Portland Trail Blazers: 3 teams that deserve their own “The Last Dance” docuseries

Damon Stoudamire, Bonzi Wells, Portland Trail Blazers (Photo by Jonathan Ferrey/Getty Images)
Damon Stoudamire, Bonzi Wells, Portland Trail Blazers (Photo by Jonathan Ferrey/Getty Images) /
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Portland Trail Blazers
Damon Stoudamire, Portland Trail Blazers (Photo by Ronald Martinez/Getty Images) /

Scouting Report. Pick Analysis. . player. 34. . The Jail Blazers Era 2002-03. 2

Could a list have respectability without putting this team here? As long as you stick within the Jail Blazers era, you’re guaranteed class-A entertainment, sound bytes for days, and one valuable lesson the Blazers had to learn the hard way:

You can’t rush the process of building chemistry and character by trying to overflow the team with talent.

The story itself, just like the Bulls’ 1997-98 season, begins a few years prior. For a start-to-finish reciting, it probably begins with that 1995-96 Portland Trail Blazers team that famously ordered tickets to the Bahamas during a Playoff series against the Jazz, and were pissed that instead, they had to go back to Salt Lake City to play another game. Yes, that actually happened.

As the case usually is with compiling talented (and often misunderstood) outcasts from around the league, nearly every player went through battles with the law and maturity, and that made them a lightning rod for criticism.

One of the more comical, yet infinitely-disappointing stories is found in Kerry Eggers’ Jail Blazers book. This one describes J.R. Rider’s alleged ploy of sneaking alcohol on the team planes. In what could be the most hilarious part of the book:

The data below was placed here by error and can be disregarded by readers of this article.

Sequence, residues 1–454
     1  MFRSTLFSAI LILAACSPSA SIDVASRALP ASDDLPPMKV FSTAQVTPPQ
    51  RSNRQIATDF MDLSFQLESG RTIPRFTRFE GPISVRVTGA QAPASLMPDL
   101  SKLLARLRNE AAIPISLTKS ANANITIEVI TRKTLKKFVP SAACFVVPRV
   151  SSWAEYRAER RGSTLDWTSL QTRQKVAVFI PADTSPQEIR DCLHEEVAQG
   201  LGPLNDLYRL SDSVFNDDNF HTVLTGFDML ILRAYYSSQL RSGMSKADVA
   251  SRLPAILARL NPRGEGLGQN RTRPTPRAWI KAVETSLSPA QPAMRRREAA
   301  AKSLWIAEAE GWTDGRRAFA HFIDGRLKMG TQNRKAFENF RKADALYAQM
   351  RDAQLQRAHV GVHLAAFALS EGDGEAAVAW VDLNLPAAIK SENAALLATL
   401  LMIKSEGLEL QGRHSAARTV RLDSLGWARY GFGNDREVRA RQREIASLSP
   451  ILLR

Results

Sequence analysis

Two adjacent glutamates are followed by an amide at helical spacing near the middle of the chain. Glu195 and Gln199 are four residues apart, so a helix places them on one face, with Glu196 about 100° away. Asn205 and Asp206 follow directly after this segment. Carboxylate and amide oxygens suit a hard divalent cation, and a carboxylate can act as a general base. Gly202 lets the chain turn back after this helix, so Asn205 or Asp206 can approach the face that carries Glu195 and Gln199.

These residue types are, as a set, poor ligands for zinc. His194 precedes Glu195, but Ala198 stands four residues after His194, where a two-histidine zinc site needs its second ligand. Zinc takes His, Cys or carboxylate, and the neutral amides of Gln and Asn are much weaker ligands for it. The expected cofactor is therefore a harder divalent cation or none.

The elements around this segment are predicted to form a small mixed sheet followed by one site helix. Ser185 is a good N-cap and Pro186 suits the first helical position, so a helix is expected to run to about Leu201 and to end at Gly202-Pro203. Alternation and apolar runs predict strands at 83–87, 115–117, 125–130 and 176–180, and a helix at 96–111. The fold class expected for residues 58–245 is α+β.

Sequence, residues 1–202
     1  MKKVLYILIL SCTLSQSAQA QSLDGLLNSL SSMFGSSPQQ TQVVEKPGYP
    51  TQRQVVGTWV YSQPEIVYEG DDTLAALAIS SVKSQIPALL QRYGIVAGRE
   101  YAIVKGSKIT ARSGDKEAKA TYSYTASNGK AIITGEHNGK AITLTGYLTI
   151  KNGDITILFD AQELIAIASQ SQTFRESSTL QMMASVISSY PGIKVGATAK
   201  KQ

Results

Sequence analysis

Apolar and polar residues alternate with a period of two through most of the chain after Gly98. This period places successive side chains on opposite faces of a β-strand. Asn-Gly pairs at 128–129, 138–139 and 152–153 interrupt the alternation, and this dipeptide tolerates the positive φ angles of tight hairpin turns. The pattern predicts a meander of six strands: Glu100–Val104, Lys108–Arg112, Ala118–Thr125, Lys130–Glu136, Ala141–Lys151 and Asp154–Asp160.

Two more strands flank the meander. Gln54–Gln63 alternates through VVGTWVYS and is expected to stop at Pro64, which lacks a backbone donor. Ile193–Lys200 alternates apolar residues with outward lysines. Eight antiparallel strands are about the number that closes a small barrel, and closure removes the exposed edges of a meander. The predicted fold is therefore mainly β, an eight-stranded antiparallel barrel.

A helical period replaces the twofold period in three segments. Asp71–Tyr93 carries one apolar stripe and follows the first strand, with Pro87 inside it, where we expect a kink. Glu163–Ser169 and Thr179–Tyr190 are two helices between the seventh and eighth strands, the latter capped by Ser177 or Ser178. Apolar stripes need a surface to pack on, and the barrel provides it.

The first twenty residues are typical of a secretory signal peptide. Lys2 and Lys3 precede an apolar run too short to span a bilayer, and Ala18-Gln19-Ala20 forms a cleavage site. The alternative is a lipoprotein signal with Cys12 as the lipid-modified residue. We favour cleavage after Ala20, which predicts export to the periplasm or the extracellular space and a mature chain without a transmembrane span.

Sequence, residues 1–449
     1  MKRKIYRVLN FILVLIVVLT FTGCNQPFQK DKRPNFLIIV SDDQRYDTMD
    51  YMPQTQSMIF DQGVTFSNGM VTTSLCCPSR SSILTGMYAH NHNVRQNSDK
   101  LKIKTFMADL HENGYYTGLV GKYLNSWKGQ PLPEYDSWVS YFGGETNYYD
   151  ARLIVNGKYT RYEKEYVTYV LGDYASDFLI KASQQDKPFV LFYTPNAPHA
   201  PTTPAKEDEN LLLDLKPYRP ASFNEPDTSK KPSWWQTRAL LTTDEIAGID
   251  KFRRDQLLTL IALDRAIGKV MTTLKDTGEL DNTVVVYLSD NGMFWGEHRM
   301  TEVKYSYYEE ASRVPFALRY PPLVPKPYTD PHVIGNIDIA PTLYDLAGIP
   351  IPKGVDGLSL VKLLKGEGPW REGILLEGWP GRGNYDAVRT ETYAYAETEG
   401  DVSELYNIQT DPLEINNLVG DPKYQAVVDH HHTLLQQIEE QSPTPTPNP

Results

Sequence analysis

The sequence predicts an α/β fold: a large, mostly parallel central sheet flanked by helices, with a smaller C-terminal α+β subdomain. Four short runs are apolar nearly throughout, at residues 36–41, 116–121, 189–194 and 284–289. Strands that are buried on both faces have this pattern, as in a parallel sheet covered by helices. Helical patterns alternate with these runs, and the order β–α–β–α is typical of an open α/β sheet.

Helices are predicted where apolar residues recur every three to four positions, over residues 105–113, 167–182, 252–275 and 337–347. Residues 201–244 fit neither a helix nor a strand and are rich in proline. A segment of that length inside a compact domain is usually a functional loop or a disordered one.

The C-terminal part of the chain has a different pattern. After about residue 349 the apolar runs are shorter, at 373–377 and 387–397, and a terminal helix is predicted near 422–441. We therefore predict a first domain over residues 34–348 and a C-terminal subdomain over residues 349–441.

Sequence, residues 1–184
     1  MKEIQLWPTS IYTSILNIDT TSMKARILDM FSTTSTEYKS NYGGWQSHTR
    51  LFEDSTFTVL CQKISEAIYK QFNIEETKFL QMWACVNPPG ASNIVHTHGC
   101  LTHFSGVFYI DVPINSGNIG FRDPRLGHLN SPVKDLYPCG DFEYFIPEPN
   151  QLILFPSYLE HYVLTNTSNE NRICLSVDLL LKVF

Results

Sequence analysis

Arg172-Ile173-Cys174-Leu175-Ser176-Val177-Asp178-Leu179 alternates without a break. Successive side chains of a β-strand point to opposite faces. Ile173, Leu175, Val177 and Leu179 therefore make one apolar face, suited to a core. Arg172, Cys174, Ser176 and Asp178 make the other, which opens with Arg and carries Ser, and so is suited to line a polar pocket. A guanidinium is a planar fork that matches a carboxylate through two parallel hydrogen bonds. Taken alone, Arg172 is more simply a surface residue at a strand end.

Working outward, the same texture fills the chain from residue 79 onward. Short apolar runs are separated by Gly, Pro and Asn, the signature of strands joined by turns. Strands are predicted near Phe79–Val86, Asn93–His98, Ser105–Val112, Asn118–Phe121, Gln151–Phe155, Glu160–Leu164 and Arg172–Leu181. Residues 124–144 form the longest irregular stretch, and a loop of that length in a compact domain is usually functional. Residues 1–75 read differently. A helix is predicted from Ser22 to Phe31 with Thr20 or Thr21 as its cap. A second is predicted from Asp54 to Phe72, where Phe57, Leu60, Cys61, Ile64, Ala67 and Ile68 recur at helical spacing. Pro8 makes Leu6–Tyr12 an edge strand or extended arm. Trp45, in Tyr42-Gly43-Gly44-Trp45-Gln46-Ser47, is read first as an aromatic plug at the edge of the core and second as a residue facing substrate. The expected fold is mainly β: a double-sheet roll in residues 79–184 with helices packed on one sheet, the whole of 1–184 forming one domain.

"“Sometimes on the team plane, he would put a blanket completely over his head. They had booze on the team plane then. You’d see a blanket moving up and down as he’s drinking out of a bottle. Sometimes, he’d say something to the flight attendant that sounded like, ‘Hey (expletive), make me a tuna fish sandwich.”"

Or, perhaps the story of how the team couldn’t find Rider on the way to the game, so they sent a team official to a hotel room, where they suspected he was with a woman, instead of preparing for a game.

Or, you can tell the story of Zach Randolph damaging Ruben Patterson’s eye socket, and then after learning that Patterson was going to retaliate, went into hiding at Dale Davis’ house.

Or, the time Qyntel Woods used a basketball trading card as an identification card, a failed attempt that cost him $1,096 in a traffic stop.

Despite never winning an NBA championship, the Jail Blazers are probably one of very few teams in hoops history that could sustain intrigue over the course of a 10-part documentary, or something close to that.

And beyond that, any time a team faces a negative connotation, they deserve a chance to explain their sides of the story, or to discuss the reasons they are the way they are. Especially given the internal, residual effects it had on the on-court play.

The mental unraveling the Blazers so-often succumbed to in big games deserves a deep-dive to. Think Game 1 of the 1999 West Finals, Game 7 of the 2000 West Finals, among others. Even despite that, they were on the doorstep of multiple championships. And by 2003, they likely knew they were on their final legs. There will never be another team like this.

There’s also the chance for generational perspectives with Gary Trent Sr., and Gary Trent Jr., both playing for the Blazers, a potentially-seamless transition given Rasheed Wallace and Bonzi Wells’ movement into the podcast and media world, and, most of all, given society’s understanding of mental health, and its newfound respect for medicinal drugs and what not, time and fortune could be on Portland’s side to tell their own exciting story.